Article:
Mobile Vehicular Operation Theory

Currently using the RPi4 image and I am looking to learn more about the Advanced Feature described below:

Advanced Feature: The KrakenSDR app actually does something cleverer than calculating simple intersections of bearing lines. It uses the full 360 degrees of data given by the correlative interferometry algorithm. This 360 degrees of data includes multipath direction data too. It then overlays this data on a grid, activating each cell that the 360 degrees of data lies on by some scaled amount. Over time, the cell with the most activations is deemed to be the one containing the transmitter location.

I have the output from my log files as well as the DOA_value.csv. I would really like to take my current position and be able to confidently retrieve a latitude/longitude coordinate for where the signal is originating (just like the Android App). I have been browsing the code the last few days and experimenting on my own, but I think a lot of the front end functionality for mapping operations is happening in the Android app. Are there any more publications available that describe the ways to reliably get a position for the signal outside of the Android app (which is a great app I must say)?

My current use case was going to be write a service that either hits the DOA_value.csv or the log files (as they are written) and will ultimately return a lat/long point for where the signal is originating. Any guidance would be greatly appreciated.

The Kraken has no knowledge of maps, and simply outputs the bearing information as a 360 length array, with each entry for 1 degree.

In the simplest form, determining a lat/lon from multiple bearings is simply determining the max bearing from the 360 points, and calculating the intersections between all the max bearing lines.

The algorithm we use however is slightly different. It casts a grid over the search area then each of the 360 degree values for a single reading is cast over the grid points. Each grid point is activated by the strength of that particular value. Over time, the most highly activated grid points will reveal the transmitter location.

This algorithm is a lot faster when operating as an online system as we have a fixed computational cost per log entry, rather than ever increasing computational complexity as the log file grows larger. As we don’t need to check intersections against all previous log entries.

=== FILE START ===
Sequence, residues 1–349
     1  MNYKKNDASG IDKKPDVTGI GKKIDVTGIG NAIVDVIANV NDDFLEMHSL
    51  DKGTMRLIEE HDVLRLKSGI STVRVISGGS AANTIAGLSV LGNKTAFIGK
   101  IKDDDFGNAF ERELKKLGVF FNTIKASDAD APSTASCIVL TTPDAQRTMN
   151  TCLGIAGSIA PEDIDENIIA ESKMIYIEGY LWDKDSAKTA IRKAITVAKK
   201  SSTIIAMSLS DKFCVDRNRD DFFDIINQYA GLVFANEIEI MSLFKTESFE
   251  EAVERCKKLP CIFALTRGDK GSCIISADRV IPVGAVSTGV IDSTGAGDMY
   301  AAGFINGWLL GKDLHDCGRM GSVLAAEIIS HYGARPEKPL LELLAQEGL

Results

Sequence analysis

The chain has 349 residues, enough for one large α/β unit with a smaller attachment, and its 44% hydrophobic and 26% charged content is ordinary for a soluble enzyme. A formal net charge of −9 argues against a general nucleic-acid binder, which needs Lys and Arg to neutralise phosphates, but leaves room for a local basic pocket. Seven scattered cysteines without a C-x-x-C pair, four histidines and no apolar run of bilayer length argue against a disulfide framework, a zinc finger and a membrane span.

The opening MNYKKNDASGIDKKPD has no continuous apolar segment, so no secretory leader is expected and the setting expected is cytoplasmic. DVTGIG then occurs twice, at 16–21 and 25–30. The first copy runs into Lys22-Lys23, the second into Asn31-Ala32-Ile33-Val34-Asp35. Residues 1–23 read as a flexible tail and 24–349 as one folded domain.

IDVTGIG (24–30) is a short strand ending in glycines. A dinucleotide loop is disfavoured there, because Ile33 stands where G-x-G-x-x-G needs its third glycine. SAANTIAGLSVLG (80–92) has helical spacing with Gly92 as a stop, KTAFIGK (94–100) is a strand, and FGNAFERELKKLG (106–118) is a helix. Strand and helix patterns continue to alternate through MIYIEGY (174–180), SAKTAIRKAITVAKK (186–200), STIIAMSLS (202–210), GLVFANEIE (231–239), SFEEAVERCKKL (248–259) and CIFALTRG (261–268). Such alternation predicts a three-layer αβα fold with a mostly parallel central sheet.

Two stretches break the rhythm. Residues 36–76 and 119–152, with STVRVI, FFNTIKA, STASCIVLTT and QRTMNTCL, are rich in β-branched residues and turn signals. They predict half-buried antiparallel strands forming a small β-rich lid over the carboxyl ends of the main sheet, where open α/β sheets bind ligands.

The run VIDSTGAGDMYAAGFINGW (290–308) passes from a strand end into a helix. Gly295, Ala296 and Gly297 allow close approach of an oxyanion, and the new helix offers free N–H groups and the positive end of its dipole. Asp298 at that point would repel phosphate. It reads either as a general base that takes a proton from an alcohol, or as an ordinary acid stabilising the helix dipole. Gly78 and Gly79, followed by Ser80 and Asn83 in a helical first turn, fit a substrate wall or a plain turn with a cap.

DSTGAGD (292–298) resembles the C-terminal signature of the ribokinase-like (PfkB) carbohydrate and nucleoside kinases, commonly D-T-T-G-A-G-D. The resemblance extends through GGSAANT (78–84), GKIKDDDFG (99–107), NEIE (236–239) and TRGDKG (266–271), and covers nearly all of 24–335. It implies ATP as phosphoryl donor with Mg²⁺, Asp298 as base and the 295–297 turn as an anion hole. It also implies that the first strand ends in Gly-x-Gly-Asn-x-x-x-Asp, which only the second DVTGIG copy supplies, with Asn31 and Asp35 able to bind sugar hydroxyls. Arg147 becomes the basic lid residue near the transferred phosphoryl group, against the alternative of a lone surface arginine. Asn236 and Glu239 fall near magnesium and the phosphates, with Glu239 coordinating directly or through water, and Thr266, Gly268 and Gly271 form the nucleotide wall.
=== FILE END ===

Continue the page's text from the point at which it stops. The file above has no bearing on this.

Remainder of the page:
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That makes sense Carl. Seems like a good approach to finding an area geographically. In my mind there are two difficult portions left:

  1. Determining the ‘size’ of the grid. Maybe its just a static grid that expands outward at a hardcoded amount from your current lat/long?

  2. Distance. Lets say a bearing line leads out from my location, how do all cells along that vector not get the same ‘activation level’? How does the app know a signal is .25 miles away and not 3 miles away on the same bearing?

Appreciate your responses, they have been a big help in understanding.

  1. Yep the grid is just by default set to 10km. As the user approaches the edge of the grid, the grid will recenter around the user.

  2. The app does not know from a single bearing how far away the transmitter is. The only way to know the transmitter location is through triangulation. You need to make multiple readings at different locations. The same cells corresponding to the TX location in the grid will be activated over and over, assuming the bearings always point in their direction.

Thanks Carl! Appreciate the transparency

One last question, when does the Android app ‘settle’ on a transmitter location?

Do you guys wait for a queue to fill up and from there you have the confidence to settle on a lat/long location or is it something else under the hood that you use to decide its time to plot a transmitter location on the map?

The estimated location is always plotted, it just continually updates the position as more data comes in. It turns green when there is enough activations on a specific cell to have it activate navigation to that estimated point, but it does not necessarily mean that it has found the location when it turns green.